Thursday, 25 February 2010, 6 p.m., Edinburgh
The Oil Crunch and its Intersection with the Climate and Financial Crises
Jeremy Leggett, Founder and Executive Chairman, Solar Century
This event occurred on: Thursday, 25 February 2010, 6 p.m.
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Growing numbers in industry believe the global oil industry has probably got its collective asset assessment systemically and ruinously wrong, in the manner we now know the banking industry had in the run up to the financial crisis. Leggett examines these fears, the chances of proactive mobilisation to soften the peak-oil landing, prospects for retroactive mobilisation, and what the oil crunch means in the context of the ongoing climate and financial crises.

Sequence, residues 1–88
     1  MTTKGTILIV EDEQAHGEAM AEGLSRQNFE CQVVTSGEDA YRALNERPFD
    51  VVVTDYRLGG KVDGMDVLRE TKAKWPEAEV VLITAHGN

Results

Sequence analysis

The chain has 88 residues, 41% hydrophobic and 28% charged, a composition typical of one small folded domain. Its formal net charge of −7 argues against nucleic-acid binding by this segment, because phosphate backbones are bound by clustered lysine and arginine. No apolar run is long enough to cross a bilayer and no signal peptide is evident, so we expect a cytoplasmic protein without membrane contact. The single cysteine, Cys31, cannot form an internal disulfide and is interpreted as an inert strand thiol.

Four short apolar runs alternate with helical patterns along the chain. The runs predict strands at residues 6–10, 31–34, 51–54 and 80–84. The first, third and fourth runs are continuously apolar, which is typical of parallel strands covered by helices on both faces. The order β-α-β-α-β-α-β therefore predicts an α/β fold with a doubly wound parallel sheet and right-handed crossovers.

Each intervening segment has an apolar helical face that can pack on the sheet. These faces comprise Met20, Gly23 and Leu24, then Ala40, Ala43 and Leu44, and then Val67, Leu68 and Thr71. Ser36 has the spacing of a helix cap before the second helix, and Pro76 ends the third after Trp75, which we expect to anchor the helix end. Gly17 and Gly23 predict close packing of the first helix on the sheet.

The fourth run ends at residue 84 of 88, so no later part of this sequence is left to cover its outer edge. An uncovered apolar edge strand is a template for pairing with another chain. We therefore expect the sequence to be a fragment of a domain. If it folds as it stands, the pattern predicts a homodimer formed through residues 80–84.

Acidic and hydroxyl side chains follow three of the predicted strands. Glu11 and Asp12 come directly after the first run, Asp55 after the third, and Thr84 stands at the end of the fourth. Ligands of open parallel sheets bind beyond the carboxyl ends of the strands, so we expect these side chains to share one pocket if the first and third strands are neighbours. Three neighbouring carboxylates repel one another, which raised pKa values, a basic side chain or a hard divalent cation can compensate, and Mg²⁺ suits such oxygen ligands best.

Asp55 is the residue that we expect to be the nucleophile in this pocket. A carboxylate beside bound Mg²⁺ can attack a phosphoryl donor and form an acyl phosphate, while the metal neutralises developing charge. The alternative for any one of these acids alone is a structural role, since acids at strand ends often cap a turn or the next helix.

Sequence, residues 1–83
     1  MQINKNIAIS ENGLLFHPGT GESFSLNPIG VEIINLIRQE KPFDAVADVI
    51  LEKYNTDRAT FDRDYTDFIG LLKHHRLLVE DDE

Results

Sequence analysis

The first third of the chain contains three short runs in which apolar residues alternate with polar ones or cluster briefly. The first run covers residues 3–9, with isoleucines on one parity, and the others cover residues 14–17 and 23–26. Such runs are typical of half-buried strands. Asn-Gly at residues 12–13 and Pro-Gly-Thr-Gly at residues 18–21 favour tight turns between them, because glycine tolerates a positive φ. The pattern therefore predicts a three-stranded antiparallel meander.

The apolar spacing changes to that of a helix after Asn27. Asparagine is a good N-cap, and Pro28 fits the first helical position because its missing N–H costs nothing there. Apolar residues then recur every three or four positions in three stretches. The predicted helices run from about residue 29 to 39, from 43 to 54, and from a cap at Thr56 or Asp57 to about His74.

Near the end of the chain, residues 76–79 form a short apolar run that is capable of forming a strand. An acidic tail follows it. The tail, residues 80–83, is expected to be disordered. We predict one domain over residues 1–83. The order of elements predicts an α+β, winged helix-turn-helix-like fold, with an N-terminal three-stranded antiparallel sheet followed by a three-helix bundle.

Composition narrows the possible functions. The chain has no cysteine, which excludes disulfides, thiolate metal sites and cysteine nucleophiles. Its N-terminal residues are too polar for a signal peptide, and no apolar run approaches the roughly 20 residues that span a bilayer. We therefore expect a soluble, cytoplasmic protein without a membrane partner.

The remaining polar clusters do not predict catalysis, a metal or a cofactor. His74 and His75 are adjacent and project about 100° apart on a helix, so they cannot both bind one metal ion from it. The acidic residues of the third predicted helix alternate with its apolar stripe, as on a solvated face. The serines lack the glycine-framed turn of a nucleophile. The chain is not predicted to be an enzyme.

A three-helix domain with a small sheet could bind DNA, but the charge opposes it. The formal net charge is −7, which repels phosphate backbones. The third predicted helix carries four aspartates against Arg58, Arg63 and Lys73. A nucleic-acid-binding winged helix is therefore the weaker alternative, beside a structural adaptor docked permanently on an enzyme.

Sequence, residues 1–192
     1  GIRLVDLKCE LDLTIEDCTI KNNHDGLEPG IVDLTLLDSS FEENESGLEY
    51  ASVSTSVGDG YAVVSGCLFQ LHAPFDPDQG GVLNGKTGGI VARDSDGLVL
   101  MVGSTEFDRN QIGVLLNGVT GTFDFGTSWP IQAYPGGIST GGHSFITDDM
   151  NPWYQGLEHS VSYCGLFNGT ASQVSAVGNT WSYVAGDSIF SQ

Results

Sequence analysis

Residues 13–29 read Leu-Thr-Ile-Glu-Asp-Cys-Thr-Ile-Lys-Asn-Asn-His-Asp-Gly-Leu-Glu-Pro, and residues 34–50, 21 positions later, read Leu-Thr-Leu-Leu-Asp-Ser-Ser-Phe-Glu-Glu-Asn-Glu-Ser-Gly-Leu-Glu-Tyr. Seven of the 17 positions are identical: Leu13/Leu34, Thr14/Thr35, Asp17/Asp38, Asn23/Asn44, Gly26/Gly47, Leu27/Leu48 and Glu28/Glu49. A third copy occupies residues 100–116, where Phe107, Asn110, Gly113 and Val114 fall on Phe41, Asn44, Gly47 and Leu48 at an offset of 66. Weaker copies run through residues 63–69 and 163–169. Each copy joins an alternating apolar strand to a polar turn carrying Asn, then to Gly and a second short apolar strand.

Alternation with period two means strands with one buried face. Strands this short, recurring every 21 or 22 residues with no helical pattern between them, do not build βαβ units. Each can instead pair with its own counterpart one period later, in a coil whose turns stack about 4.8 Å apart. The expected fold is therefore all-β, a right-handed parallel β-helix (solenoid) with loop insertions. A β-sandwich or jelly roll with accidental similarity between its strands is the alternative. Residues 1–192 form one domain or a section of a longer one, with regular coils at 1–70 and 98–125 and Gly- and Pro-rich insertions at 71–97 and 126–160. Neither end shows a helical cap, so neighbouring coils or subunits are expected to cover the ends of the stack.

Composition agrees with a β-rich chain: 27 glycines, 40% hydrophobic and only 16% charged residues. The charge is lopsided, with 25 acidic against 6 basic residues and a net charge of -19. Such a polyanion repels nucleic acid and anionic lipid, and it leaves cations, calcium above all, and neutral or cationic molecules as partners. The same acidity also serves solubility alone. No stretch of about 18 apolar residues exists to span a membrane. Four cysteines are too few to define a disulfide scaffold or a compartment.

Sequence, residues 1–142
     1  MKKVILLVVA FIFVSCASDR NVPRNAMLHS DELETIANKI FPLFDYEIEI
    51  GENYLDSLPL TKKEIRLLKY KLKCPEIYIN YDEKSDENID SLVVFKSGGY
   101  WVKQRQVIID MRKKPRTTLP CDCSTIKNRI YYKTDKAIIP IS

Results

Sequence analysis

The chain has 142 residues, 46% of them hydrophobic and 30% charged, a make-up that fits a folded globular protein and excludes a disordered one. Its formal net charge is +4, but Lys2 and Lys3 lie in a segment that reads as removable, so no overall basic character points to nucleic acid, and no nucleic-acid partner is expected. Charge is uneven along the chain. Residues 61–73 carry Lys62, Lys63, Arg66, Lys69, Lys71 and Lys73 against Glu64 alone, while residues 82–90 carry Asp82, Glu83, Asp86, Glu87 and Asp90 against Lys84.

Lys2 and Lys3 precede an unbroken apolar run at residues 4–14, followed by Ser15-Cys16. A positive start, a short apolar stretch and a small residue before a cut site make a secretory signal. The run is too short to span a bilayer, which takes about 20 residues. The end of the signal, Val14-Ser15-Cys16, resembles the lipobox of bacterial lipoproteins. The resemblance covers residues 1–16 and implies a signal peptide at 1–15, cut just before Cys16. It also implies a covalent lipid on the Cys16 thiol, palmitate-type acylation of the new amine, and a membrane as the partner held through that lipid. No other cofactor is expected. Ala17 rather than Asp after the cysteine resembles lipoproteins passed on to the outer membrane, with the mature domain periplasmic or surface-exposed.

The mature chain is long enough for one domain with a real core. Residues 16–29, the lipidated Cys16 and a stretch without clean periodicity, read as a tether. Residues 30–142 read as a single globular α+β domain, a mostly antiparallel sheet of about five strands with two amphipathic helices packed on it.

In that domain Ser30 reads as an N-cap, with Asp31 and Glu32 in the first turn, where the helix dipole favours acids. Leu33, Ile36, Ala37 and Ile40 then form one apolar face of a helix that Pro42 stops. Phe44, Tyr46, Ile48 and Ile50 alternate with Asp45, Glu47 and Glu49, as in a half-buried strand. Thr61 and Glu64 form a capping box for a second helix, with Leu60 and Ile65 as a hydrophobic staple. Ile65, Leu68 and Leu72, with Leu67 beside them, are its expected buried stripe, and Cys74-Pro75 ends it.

Social entrepreneur Jeremy Leggett is founder and Executive Chairman of Solarcentury, a leading European solar energy company, and founder and Chairman of SolarAid, a charity set up with 5% of Solarcentury profits. He is a also a founding director of the world's first private equity investment fund for renewables, run by Bank Sarasin (New Energies Invest AG, 2000-present). He has written several books, including The Carbon War (1999) and Half Gone (2005). In a first career as a geologist, he researched the history of oceans, explored for oil, and worked on oil source rocks funded by BP and Shell among others (1978-89, while on the faculty at Imperial College). Increasingly worried by global warming, he left to become an environmental campaigner (1989-1996, with Greenpeace International), during which time he won the US Climate Institute's Award for Advancing Understanding. Coming to the view that successful green businesses were badly needed in the global struggle to cut greenhouse-gas emissions, he set up Solarcentury, which has expanded into the fastest-growing UK private energy company of any sort, according to the 2008 Sunday Times Tech Track 100. The company has won multiple awards for innovation and sustainability, and become a magnet for talent. Entrepreneur of the Year at the 2009 New Energy awards, Leggett has been described in the Observer as "Britain?s most respected green energy boss." He is convenor of the UK Industry Taskforce on Peak Oil and Energy Security (ITPOES), members of which include Virgin, Scottish and Southern, Arup, and Yahoo.